North Oregon Coast Electric Byway
An Oregon Electric Byways Itinerary
Leave the bustling center of Portland for a journey down the Columbia River, through the Coast Range and out to the beautiful beaches and friendly towns of the Oregon Coast. This route will take you west along the Columbia River into the maritime town of Astoria, south to Cannon Beach and then back to the city by way of forested state lands.
Portland to Scappoose
Portland is great point of departure for visiting the Oregon Coast. While your car is charging up at Portland’s Electric Avenue at World Trade Center, get a jolt of caffeine from Park Avenue Café, or stop in at Rescue Bagels for something to nosh on during the drive.
Take 405 North to Highway 30 westbound. As you leave the city, notice the verdant hills of Forest Park on your left. In 20 miles you’ll find yourself in the town of Scappoose (pop. 6,599). Take time out to explore Scappoose Bay on a tranquil kayak paddle. The secluded watershed, which is an inlet of the Columbia River, is full of migrating birds, beaver, osprey, otters, turtles, heron, eagles and other wildlife. You can take a guided tour with Scappoose Bay Kayaking or rent a boat to head out by yourself. If you need a charge, there is an EV station at the local Fred Meyer. Continue west on Highway 30 for 75 miles to Astoria. Along the way you’ll pass through the Coast Range and catch glimpses of the mighty Columbia.
Driving into Astoria, you’ll see the wide mouth of the Columbia River as it spills toward the Pacific Ocean. Astoria has a maritime flavor like no other Oregon Coast town. Settled in 1811 as basecamp for the Pacific Fur Company, Astoria remains a working port town. You can watch large cargo freighters pass under the soaring span of the Astoria-Megler Bridge, the longest continuous truss bridge in North America. (Some of the best views of the bridge are from the luxurious Cannery Pier Hotel.) Stroll the waterfront to see the docked fishing boats, or steep yourself in maritime history at the Columbia River Maritime Museum and the newly opened Barbey Maritime Center for Research and Industry. From here you can walk to Fort George Brewery or Wet Dog Café for some of the best beer on the Coast.
For a bird’s eye view of the town and the river, you can climb up the 164 steps of the 125-foot Astoria Column on the city’s hilltop. Charge your electric vehicle at Sunset Empire Transit District, 900 Marine Dr. For people fuel, you’ll get great breakfast at the Blue Scorcher Bakery Café and beer-battered albacore tuna at Bowpicker Fish & Chips, which is housed in a converted gill net boat.
Back on the road, head south on Highway 101. Stop at the Fort Clatsop National Memorial at Lewis and Clark National Memorial Park to learn how the Corps of Discovery survived the Oregon winter here in 1805. From the fort you can walk the 6.5-mile Fort to Sea Trail to experience the same forests, meadows and beaches Lewis and Clark explored. Visit the bones of the shipwrecked Peter Iredale at a nearby beach where it ran aground in 1906.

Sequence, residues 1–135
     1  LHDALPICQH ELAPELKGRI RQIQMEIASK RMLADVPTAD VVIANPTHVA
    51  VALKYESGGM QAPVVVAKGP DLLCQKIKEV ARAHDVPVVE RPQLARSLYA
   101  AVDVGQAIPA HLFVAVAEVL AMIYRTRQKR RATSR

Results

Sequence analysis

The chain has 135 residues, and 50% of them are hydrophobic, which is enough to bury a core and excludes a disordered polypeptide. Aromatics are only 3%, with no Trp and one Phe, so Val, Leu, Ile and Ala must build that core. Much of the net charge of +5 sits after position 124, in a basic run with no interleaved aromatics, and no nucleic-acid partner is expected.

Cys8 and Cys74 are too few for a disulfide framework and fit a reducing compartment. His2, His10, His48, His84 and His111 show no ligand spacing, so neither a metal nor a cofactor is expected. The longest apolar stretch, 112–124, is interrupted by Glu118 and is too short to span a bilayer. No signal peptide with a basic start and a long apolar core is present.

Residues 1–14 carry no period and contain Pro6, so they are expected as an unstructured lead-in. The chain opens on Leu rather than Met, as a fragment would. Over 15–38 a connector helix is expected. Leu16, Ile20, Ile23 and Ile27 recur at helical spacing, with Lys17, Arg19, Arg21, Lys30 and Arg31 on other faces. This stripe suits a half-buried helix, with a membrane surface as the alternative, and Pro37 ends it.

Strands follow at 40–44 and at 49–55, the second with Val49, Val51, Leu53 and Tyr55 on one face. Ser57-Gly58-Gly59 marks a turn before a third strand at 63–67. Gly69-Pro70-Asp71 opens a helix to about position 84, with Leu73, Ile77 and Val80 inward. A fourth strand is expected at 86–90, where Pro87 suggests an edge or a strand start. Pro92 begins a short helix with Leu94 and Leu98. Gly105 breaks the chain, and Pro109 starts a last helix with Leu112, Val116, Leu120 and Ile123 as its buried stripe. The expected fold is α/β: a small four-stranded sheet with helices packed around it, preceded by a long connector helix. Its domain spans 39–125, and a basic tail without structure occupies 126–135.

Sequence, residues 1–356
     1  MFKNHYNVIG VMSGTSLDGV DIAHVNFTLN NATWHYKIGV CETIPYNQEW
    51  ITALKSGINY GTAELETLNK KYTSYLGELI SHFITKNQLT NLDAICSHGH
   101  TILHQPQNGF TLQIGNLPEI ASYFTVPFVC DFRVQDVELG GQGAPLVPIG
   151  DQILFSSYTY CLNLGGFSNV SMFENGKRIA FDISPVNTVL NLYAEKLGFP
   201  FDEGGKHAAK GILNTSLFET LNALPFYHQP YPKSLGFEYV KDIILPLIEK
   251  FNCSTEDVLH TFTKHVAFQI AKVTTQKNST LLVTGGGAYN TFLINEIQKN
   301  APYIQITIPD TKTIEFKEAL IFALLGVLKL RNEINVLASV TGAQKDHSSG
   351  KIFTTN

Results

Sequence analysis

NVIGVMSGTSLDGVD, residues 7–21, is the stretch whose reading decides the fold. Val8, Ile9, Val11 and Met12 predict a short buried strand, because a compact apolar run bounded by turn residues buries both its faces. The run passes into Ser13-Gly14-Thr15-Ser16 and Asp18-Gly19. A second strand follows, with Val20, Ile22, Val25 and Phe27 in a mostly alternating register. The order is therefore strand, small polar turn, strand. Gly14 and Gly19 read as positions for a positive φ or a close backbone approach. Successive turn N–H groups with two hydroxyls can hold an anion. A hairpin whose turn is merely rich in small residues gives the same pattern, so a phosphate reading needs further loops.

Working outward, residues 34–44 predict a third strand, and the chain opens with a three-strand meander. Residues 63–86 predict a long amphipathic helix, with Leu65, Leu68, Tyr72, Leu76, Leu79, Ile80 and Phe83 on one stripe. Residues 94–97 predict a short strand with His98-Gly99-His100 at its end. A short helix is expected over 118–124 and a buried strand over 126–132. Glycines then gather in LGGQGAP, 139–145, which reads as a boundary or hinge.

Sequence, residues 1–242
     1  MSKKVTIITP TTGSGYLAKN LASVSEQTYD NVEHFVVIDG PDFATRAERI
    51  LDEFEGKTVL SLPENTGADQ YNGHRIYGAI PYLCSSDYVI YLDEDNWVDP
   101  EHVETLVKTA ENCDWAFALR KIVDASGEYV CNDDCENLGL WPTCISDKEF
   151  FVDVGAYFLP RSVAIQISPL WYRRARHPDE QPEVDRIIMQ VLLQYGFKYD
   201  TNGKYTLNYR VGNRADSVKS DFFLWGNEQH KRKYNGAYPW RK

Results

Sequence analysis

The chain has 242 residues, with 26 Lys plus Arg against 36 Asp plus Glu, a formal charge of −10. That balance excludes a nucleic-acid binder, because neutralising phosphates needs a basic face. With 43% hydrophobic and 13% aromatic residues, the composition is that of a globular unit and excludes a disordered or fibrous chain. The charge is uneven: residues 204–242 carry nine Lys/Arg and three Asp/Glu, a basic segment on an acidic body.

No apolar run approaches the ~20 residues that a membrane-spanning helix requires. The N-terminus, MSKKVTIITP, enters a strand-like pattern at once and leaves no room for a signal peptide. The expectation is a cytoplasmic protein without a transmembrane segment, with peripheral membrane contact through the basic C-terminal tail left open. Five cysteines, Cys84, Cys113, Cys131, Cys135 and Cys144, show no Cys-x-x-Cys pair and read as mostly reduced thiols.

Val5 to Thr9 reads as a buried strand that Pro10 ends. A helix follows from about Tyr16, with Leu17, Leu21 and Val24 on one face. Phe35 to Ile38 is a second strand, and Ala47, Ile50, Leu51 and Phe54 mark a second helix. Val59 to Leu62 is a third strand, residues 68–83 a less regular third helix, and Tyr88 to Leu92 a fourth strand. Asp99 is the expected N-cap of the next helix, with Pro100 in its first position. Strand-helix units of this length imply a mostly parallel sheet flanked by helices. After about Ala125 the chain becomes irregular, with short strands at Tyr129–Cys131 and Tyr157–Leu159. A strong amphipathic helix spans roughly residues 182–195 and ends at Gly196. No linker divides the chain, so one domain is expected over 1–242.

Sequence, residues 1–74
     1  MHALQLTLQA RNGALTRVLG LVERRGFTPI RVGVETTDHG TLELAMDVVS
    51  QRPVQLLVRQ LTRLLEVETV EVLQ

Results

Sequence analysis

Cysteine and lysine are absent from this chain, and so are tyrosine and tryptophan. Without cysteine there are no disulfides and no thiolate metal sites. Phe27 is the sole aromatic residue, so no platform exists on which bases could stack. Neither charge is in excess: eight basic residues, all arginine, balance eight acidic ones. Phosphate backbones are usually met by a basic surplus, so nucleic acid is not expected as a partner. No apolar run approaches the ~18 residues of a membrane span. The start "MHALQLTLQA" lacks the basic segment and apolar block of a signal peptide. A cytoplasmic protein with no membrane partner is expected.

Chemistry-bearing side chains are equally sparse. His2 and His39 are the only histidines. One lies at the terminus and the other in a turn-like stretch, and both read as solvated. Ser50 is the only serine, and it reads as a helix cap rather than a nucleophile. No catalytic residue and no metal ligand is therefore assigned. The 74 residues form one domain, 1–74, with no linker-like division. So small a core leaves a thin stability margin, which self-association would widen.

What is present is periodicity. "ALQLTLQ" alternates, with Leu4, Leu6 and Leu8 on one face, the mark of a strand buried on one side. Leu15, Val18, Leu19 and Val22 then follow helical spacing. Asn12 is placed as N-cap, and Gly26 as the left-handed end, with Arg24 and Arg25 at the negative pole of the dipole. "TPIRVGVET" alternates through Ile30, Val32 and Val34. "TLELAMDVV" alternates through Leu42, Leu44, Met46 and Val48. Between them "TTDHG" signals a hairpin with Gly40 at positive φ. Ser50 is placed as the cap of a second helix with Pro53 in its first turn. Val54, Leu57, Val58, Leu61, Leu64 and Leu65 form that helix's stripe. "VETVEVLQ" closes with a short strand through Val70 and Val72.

Seaside and Cannon Beach
The 25-mile drive from Astoria to Cannon Beach takes you right down Highway 101 along the Pacific Ocean. Passing through friendly little towns like Gearhart (pop. 1,467) and Seaside (pop. 6,476), you’ll begin to appreciate the state law that makes all 363 miles of the Coast open to the public.
Enjoy Seaside’s 1.5-mile beachfront promenade, where you can get a bite to eat, visit the Seaside Aquarium and check out the reconstructed salt works of Lewis and Clark. After you’ve strolled the beach and had your fill of people watching, drop by Seaside Brewing Company downtown for a pint of craft beer and some fish tacos.
Stop at Ecola State Park for gorgeous views of the ocean and the potential for spotting migrating gray whales. (The park is one of 24 whale-watching sites established by the state.) Hike the trail to Indian Beach to watch surfers catching waves and stroll the beach in search of tidepools.
Just four miles further on you’ll find yourself in downtown Cannon Beach (pop. 1,695). The quaint town is a walker’s delight, full of boutiques, cafes and restaurants. If you are up for a long walk, Hug Point, five miles south on the beach, has an unexpected, 12-foot waterfall. Iconic Haystack Rock (235-feet) rises out of the surf at the central section of the beach. Part of the Oregon Islands National Wildlife Refuge, it’s a wonderful place to watch tufted puffins, gulls and cormorants, or peer into tide pools teeming with life. In the evening, watch the bonfires flicker to life one by one.
Perk up with a cup of coffee at Sleeping Monk Coffee Roasters and a fresh pastry or scone at Waves of Grain Bakery, which also serves great wraps and soups.Stop for dinner at The Lumberyard Grill & Rotisserie. If you’re staying overnight, Cannon Beach has great many lodging options. Check out the family-friendly Surfsand Resort orthe romantic Stephanie Inn. Charge your vehicle at the Cannon Beach RV Resort.
Banks to Portland
The 80-mile drive back to Portland from Cannon Beach will take you along Highway 26 and through the town of Banks (pop. 1,813). Find an EV charging station at Jim’s Thriftway at 660 S. Main Street. You’ll find yourself close to Banks-Vernonia State Trail, a 21-mile paved biking trail that was Oregon’s first rails-to-trails project. If you’re in the mood for a ride, the route passes lovely wooded sections. From here, you’re just a stone’s throw from Portland city limits.
Editor’s note: Check out our other Oregon’s Electric Byways Road Trips for more EV itineraries around the state.
about author Eileen Garvin
Eileen Garvin is the editor of Travel Oregon’s Seasonal Features, enewsletters and annual visitor guide. When she’s not cooking up trip ideas, Oregon Dreamer profiles and outdoor adventures to write about, she’s out exploring Oregon.
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